USA Swimming's rule regarding Chuck Baechler's situation is clear:

304.3.6 Conviction of, imposition of a deferred sentence for, or any plea of guilty or no contest at any time, past or present, or the existence of any pending charges, for (i) any felony, (ii) any offense involving use, possession, distribution or intent to distribute illegal drugs or substances, (iii) any crime involving sexual misconduct, or (iv) any criminal offense against a minor.

This rule is often referenced as the reason for a coach's appearance on the Banned List. Many of the coaches already banned committed only misdemeanor offenses, like those admitted to by Chuck Baechler's (Alford) guilty plea.

No one can reasonably assert that Baechler's offense did not involve sexual misconduct. His plea apparently narrowly avoided a rape trial and at best, his victim felt that the sex was coerced. The correspondence with Irv Muchnick unfortunately suggests that more excuses will be offered in Baechler's hope that his case will be casually swept aside.

According to Baechler himself, the assault sentence was expunged. This does not mean that people must pretend that Baechler's actions never occurred. It means that Chuck Baechler's criminal record was considered clean following probation. Baechler's behavior and guilty plea do not simply evaporate into a false and rosy new reality.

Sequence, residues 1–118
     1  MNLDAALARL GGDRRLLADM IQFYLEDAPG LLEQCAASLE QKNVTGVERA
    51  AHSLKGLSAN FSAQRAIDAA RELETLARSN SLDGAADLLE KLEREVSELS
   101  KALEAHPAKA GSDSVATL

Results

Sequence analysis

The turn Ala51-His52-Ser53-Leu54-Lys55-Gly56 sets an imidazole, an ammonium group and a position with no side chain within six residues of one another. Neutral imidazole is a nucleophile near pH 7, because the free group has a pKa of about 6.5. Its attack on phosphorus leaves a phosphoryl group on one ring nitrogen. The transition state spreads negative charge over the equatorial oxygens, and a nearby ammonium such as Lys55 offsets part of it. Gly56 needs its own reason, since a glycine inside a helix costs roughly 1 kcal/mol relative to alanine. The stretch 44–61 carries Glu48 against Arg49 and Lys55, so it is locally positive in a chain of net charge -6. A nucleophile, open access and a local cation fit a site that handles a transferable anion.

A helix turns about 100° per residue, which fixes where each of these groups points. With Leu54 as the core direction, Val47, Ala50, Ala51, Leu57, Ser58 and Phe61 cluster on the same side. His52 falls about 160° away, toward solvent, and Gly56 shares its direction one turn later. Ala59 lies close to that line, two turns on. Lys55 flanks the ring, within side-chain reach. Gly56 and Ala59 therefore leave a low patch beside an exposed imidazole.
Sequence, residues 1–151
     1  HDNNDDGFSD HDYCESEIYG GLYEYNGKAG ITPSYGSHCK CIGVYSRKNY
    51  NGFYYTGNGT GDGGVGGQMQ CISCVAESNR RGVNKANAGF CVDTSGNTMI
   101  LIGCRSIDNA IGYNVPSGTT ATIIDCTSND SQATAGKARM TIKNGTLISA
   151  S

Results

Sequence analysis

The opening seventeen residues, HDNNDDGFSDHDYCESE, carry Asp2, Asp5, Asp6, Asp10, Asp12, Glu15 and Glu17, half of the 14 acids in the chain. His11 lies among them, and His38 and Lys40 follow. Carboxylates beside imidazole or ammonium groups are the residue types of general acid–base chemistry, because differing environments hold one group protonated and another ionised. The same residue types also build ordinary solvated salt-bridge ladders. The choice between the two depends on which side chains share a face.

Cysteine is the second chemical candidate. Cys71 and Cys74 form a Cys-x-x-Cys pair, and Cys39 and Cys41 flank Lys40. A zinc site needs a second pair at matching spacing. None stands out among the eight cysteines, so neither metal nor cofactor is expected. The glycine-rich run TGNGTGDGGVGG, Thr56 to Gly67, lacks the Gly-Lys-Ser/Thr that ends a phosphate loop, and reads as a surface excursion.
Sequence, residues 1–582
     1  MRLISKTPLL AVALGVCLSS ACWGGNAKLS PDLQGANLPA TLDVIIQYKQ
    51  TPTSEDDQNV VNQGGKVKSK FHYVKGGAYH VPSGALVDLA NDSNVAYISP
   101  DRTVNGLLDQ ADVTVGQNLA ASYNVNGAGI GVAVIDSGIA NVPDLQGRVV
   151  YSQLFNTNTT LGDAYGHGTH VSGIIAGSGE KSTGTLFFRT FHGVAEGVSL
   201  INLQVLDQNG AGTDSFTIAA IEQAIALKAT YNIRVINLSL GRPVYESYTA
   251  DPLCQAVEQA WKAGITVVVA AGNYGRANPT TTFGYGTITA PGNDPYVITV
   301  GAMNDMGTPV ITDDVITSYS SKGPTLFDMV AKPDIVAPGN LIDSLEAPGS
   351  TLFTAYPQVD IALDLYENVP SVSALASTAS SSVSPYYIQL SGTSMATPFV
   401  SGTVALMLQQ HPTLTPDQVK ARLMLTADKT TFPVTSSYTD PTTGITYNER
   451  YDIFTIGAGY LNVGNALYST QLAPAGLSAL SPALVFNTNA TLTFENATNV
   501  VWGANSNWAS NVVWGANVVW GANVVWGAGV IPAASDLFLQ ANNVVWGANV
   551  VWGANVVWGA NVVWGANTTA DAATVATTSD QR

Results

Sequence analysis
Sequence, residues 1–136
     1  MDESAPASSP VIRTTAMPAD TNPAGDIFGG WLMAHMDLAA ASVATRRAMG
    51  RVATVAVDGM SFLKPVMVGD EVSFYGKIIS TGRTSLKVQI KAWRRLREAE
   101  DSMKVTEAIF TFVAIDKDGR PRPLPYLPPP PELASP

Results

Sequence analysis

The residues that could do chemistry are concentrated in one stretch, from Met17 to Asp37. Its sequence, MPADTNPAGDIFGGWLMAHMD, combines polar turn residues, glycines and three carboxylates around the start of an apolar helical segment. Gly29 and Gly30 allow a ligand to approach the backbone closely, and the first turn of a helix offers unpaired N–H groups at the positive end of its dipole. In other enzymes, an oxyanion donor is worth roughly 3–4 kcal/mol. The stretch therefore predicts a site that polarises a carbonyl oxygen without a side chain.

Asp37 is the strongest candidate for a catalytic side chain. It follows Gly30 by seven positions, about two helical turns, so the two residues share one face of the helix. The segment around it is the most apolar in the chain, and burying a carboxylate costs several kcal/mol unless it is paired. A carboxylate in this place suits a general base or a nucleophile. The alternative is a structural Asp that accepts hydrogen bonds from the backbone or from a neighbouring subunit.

As if foretelling the failure of the "disappearing crime" dodge, Baechler stated that the statute he pled guilty to doesn't include sex. Splitting hairs over the absence of the word sex in a legal heading (aside from invalidating his own expunged defense) is beside the point given USA Swimming's clear wording. "Any crime involving sexual misconduct" reasonably includes allegations of rape or coerced sex. Baechler's (Alford) guilty plea admits a jury would likely have convicted him of that higher offense if the charges were brought to trial.